With a successful stealth-based run completed, it was time to do things a bit less subtly. This time around, the demonstrator was a lot more brutal, showing off just how much of the game changed and adapted based on your own playstyle. Right off the bat, he pushed 47 through with murderous intent, performing brutally visceral and stylish kills with all manner of improvised weaponry (including a particularly nasty crucifix blow to the back of the head).
The change this had on the game was immediately evident. The music shifted to a more high-energy tone, abandoning the subtle atmosphere of before to better suit the more action-oriented approach. But the most surprising effect was on the NPCs themselves. Having heard the sounds of gunfire early in the mission, guards were no longer casually conversing and wandering around. There was a heightened sense of tension, and enemies acted jittery and on-edge, realizing that there was an immediate threat to them somewhere. The effect was really impressive, and it’s great to see that sort of level of detail in making NPCs react to situations so realistically.
This playthrough concluded with a bloody standoff between 47 and an entire room of bad guys. Here, another implementation of instinct came into play. The player can burn instinct to temporarily freeze time, letting you assess the situation. Then, by spending more of your meter, you can tag targets in order to launch a cinematic volley of gunfire. Our demonstrator quickly marked several goons for execution, a couple of propane tanks to incinerate the rest of them, and a final shot aimed at a thug’s crotch for good measure. This prompted a slick animation of 47 coolly and professionally firing a series of well-aimed shots, and the room was clear within seconds.
Of course, both of these examples were two very huge extremes on the spectrum of potential gameplay – most people will probably fall somewhere in between. The nice thing is that the game seems to be designed in such a way that there isn’t necessary a “right” way to play it. For instance, at one point in the mission, 47 comes across a security guard being tortured by a pair of enemies. In the stealth run, he ended up being killed as the demonstrator avoided the confrontation. But in the action run, both of the goons were killed, saving the guard who revealed the location of a hidden weapons cache. It seems like Io is aiming for a sort of risk-reward approach to deciding how to approach each situation, and the result could be a refreshing change for the stealth genre.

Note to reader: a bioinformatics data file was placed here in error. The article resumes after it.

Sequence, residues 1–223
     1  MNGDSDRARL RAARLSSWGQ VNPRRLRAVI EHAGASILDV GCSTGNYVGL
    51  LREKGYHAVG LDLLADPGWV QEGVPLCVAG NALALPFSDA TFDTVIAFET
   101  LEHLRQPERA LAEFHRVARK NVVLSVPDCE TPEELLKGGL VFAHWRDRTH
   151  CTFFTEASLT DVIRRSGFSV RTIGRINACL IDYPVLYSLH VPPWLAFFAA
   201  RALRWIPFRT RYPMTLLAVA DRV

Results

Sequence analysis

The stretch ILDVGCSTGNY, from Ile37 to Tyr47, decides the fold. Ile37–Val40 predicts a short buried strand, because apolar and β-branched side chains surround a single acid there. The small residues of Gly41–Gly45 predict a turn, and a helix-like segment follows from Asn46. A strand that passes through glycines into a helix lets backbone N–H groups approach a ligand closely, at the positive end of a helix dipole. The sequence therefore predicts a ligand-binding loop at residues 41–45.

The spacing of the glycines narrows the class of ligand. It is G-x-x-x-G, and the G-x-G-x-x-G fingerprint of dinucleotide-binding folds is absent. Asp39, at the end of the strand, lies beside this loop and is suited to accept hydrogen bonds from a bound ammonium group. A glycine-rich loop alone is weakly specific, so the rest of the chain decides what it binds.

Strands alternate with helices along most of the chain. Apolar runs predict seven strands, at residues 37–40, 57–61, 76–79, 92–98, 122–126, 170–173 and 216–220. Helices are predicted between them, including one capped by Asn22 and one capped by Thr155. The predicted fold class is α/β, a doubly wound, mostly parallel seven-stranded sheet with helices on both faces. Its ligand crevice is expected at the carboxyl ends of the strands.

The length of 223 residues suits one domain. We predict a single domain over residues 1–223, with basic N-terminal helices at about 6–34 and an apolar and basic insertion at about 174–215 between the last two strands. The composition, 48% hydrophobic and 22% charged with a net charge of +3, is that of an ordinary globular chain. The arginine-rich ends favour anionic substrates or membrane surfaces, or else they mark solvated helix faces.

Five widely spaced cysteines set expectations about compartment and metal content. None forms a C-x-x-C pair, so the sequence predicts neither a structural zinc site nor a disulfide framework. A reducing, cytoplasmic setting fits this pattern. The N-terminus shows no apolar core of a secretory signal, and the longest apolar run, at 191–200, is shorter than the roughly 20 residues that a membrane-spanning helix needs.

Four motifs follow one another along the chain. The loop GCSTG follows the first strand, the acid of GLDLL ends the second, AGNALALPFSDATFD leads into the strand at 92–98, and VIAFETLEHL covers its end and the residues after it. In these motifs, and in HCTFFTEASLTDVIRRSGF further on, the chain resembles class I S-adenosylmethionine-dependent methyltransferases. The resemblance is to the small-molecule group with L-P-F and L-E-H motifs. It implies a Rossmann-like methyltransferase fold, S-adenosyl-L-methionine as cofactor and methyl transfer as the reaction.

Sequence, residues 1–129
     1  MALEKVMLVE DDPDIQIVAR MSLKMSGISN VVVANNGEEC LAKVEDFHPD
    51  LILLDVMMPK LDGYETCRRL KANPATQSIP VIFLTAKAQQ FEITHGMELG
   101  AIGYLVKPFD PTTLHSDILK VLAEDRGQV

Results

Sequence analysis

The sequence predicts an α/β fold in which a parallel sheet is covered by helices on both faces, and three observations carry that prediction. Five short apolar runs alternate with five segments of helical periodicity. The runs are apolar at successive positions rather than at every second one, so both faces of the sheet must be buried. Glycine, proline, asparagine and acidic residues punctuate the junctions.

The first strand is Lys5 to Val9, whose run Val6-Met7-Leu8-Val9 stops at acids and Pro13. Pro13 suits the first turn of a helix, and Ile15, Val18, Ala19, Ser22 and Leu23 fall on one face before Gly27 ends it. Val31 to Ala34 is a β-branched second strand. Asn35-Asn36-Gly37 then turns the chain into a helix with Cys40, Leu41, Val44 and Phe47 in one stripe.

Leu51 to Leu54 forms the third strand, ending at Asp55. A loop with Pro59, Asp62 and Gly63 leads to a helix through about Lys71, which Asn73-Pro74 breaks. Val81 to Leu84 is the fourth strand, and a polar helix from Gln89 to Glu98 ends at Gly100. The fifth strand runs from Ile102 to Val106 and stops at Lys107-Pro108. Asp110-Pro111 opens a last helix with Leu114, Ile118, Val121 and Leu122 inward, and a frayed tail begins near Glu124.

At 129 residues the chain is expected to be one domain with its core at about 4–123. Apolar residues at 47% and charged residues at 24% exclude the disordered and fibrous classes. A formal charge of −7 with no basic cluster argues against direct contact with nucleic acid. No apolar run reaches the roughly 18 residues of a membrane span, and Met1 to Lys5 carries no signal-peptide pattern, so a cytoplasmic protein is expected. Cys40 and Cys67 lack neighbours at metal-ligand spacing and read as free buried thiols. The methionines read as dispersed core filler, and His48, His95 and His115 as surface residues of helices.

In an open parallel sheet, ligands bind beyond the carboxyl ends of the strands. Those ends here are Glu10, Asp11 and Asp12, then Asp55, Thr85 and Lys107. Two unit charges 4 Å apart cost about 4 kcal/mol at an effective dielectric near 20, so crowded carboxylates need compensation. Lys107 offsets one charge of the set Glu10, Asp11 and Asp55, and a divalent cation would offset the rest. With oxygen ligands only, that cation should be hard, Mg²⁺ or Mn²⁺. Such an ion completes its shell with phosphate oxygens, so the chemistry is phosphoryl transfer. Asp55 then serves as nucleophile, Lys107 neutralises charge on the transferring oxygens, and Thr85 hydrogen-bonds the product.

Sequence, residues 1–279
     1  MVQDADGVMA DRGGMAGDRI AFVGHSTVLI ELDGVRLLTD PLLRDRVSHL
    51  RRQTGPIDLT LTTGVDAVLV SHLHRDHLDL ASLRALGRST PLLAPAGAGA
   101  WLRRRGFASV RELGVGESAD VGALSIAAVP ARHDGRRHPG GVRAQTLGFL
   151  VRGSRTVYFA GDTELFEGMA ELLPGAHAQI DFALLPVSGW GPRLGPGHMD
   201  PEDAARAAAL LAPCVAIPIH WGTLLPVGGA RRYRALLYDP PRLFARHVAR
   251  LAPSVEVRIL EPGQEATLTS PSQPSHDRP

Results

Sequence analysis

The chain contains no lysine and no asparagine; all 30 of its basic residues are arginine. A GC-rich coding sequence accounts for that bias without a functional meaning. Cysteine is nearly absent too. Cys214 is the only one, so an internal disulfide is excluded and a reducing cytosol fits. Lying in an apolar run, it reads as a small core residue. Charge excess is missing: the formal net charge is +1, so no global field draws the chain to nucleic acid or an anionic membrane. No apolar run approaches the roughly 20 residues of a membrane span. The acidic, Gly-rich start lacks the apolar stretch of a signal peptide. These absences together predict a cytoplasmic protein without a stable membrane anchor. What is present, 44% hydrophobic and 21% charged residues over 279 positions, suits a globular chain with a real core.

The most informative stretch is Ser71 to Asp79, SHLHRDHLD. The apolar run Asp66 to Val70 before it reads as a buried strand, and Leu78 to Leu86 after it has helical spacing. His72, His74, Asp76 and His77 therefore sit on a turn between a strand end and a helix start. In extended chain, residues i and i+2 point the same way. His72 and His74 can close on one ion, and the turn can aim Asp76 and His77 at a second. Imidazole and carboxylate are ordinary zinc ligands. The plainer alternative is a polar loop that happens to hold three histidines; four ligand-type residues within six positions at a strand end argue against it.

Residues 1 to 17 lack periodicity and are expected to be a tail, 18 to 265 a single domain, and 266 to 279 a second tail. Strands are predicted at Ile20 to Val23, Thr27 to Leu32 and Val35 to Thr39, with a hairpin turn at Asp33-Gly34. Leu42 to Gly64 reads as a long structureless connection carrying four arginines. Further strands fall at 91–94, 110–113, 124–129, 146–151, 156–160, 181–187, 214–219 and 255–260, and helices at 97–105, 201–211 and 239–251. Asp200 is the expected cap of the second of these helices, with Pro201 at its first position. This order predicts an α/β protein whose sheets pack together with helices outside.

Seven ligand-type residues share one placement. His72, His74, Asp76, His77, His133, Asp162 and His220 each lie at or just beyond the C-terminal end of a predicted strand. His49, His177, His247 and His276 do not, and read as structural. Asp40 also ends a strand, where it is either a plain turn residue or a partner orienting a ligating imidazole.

Unfortunately, the game wasn’t available for anyone to play for themselves. However, the Io developers assured us that there would be much more coming out for the game at this year’s E3. This includes the reveal of Hitman’s sandbox-style elements, which the demonstrator was insistent were still very much present in the final game.
Those worried about the direction Hitman: Absolution looked to be taking can rest easy, as the title is looking incredibly sharp. It’s smooth, immersive, and incredibly visceral, and the way in which it supports and rewards multiple playstyles is incredibly refreshing. The game is slated to be released sometime this year, and we’ll hopefully have more for you when E3 rolls around.